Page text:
Feinstein et al., 2003). Education programmes for older people have preventative functions

and serve the maintenance of cognitive abilities as well as the physical and mental health

(see Lehr, 1991; Alterskommission, 2005). But we need more output (short time effects) and

outcome (long term consequences) evaluations in longitudinal studies to discuss on a

better empirical basis the effects of different trainings.

Good examples of such educational measures are the programmes “Coming back

45plus” which especially appeal to women and which react to the very low employment

numbers of over 50-year-olds in many countries (Eurostat, 2003). In the European Union,

Sweden has the highest employment rate of over 50-year-olds at 75% and Belgium has the

lowest one at 42%. If one assumes that the small number of over 50-year-old women and

men in the employment sector is contradictory to the working potentials of older

employees, the following elements in educational measures proved empirically make

sense concerning re-entering work –if one makes use of the special competences of older

employees and allows their weaknesses (see Kruse, 2005):

●Social-communicative techniques: conversations in the form of dialogues and in groups,

co-operation and team work, application training, negotiation training.

●Cognitive training: learning and memory training, the application of familiar cognitive

strategies, the acquisition of new problem-solving competences, synthetic and

conceptual thinking, training of the planning behaviour.

●Knowledge of information and communication technology: active search for relevant

information, exchange and storage of knowledge.

●Deepening of practical experiences and internships: knowledge transfer, increasing of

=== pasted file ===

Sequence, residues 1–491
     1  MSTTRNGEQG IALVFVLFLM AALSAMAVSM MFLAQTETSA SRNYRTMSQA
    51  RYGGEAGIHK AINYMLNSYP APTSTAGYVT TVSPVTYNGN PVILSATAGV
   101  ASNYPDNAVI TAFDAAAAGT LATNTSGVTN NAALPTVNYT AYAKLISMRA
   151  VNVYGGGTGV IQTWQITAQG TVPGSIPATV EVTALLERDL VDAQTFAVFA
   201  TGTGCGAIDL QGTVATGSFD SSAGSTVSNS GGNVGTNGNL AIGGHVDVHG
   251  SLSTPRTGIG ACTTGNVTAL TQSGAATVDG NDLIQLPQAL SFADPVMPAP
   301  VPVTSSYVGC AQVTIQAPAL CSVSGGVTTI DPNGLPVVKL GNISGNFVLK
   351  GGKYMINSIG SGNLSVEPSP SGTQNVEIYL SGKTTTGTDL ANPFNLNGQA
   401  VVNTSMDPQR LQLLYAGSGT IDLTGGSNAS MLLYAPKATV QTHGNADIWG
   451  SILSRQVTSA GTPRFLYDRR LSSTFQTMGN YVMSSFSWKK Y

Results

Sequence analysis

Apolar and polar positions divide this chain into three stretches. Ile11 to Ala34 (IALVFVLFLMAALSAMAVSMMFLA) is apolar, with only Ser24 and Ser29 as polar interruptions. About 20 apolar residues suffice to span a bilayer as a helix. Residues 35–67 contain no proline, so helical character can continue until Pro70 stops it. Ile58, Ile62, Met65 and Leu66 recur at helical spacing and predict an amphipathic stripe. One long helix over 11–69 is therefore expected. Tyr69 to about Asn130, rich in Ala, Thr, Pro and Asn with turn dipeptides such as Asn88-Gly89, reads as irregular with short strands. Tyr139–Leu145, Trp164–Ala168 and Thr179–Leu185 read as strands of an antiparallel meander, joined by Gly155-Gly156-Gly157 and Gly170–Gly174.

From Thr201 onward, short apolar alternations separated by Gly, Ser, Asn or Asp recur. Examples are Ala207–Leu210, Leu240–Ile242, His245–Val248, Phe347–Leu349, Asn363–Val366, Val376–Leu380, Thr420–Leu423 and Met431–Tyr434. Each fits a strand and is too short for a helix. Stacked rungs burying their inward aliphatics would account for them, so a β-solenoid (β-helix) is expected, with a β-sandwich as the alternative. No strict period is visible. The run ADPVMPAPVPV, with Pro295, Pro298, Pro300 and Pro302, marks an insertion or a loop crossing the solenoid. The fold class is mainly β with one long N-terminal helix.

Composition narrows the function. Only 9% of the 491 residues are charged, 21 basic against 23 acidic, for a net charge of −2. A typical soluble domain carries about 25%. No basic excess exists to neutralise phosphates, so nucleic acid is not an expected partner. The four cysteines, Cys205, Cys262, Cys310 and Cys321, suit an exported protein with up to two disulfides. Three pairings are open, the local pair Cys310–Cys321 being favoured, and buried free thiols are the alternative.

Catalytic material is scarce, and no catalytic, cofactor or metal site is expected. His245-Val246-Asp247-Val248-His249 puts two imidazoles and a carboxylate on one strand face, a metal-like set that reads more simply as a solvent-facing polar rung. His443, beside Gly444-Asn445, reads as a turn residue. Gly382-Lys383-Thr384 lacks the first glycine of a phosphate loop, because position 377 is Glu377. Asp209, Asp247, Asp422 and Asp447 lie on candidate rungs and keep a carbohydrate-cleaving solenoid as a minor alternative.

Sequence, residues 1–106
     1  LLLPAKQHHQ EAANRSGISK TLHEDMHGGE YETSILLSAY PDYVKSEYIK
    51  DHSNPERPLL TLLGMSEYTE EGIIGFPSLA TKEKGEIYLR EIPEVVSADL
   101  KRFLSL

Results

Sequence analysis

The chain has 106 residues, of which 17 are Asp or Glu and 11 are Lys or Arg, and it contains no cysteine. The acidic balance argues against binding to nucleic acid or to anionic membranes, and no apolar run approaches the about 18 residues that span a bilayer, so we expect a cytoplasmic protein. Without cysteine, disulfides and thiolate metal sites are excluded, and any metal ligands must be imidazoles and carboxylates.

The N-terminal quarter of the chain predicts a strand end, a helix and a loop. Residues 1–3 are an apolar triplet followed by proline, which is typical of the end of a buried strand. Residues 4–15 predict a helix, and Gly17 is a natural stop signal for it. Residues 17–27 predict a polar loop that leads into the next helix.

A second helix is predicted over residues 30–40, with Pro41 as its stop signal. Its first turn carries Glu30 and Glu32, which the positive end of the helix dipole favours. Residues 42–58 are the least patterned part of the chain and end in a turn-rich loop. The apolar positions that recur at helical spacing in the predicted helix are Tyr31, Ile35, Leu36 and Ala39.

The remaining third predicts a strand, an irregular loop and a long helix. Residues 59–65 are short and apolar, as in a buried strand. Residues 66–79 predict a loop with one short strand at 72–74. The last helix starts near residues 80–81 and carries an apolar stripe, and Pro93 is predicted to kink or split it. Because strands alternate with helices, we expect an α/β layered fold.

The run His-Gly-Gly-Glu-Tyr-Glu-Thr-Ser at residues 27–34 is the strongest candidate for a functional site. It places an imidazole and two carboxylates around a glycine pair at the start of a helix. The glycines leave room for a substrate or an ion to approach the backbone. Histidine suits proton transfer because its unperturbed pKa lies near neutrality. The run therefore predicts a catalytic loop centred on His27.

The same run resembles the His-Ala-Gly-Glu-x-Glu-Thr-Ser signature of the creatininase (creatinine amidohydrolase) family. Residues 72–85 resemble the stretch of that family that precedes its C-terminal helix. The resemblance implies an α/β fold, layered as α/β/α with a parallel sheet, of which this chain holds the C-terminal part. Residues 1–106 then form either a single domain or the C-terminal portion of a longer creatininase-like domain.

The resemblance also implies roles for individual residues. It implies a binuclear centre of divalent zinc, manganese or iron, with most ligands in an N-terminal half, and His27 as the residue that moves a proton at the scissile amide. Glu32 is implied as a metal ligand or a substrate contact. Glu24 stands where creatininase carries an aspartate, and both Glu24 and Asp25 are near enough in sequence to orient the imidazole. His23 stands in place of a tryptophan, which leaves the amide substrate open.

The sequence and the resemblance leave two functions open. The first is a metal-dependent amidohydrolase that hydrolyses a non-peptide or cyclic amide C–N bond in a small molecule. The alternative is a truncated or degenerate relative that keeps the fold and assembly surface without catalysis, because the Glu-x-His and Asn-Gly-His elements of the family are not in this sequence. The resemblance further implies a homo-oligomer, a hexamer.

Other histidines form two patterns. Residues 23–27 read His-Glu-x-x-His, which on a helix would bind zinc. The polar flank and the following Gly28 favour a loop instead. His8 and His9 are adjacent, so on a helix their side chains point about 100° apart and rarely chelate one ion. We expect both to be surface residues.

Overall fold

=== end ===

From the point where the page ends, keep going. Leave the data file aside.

motivation and confidence.

●General knowledge concerning the labour market and the new working role: strategies of

the re-entry, job perspective in the second half of one’s life and the double role in family

and job.

In relevant courses, cognitive and social effects were reached e.g. the concentration

abilities, the speed of handling things and the conversation competences of the

participants were improved. Health promoting effects can be seen in that aspects of

neuroticism i.e. fear, irritability, depressive moods and vulnerability decreased significantly

II.C.BRAIN, COGNITION AND LEARNING INADULTHOOD

UNDERSTANDING THE BRAIN: THE BIRTH OF A LEARNING SCIENCE – ISBN 978-92-64-02912-5 – © OECD 2007

225

so that daily situations of conflict, crisis and stress were dealt with in a better way due to

higher mental robustness. The evaluation of such measures is therefore encouraging but it

also shows that especially socially exalted milieus are being reacted to.

Overall, it can be observed– and this is shown by representative adult-education

studies (see Barz and Tippelt, 2004) – that in lifelong learning, especially concerning

professional development, significant inequalities exist as the degree of education, job-

related qualifications, working status, sex, nationality, age, but also lifestyles have a

serious effect –so that specific and target group-oriented learning environments are

necessary. Barriers of learning and education which are often being named in empirical

studies do not have a lot to do with the principal learning capability of older adults, but in

comparison they strongly discuss the “structure of offers and opportunities” of further

education. As people grow older, the participation in further education and especially in

work-related further education decreases strongly. From a learning-theoretical point of

view this age-related decrease in the participation in further education cannot be

justified– an exception are older academics who maintain and even increase their

participation in further education. The still widespread reality of company strategies of not

operationally integrating older adults through further education remains contradictory to

the insights of research of development and learning.